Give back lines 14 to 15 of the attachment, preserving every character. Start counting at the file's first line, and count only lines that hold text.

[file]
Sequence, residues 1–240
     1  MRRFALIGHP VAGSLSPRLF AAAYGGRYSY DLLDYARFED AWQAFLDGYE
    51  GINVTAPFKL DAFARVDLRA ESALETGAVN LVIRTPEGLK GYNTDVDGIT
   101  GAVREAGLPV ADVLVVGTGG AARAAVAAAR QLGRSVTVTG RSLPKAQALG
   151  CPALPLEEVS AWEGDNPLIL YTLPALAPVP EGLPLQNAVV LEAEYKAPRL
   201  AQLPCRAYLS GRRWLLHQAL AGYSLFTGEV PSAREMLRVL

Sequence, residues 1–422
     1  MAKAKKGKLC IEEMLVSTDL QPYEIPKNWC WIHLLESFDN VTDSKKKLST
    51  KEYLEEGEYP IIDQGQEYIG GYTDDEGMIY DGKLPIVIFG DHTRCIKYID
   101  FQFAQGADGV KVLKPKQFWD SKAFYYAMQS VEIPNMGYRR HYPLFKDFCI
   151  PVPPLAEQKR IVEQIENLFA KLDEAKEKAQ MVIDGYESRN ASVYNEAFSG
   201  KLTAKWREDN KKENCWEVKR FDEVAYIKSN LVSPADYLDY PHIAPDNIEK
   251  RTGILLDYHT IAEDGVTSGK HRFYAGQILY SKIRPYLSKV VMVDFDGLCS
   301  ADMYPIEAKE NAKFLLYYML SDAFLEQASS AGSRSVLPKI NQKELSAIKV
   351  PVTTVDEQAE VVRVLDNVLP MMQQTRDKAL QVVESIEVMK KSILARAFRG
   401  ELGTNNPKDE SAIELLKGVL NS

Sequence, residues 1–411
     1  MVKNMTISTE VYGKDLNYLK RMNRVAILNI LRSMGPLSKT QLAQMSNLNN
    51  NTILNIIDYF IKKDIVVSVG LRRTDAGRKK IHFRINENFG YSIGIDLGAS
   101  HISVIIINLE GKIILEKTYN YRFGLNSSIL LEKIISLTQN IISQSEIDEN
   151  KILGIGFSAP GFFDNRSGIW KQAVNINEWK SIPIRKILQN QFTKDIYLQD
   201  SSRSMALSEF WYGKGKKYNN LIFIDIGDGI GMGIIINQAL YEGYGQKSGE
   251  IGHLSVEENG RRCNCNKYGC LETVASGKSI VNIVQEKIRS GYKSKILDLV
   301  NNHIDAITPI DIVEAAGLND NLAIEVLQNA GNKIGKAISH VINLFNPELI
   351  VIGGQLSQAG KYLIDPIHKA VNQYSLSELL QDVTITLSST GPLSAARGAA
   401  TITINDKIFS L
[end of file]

   301  ADMYPIEAKE NAKFLLYYML SDAFLEQASS AGSRSVLPKI NQKELSAIKV
   351  PVTTVDEQAE VVRVLDNVLP MMQQTRDKAL QVVESIEVMK KSILARAFRG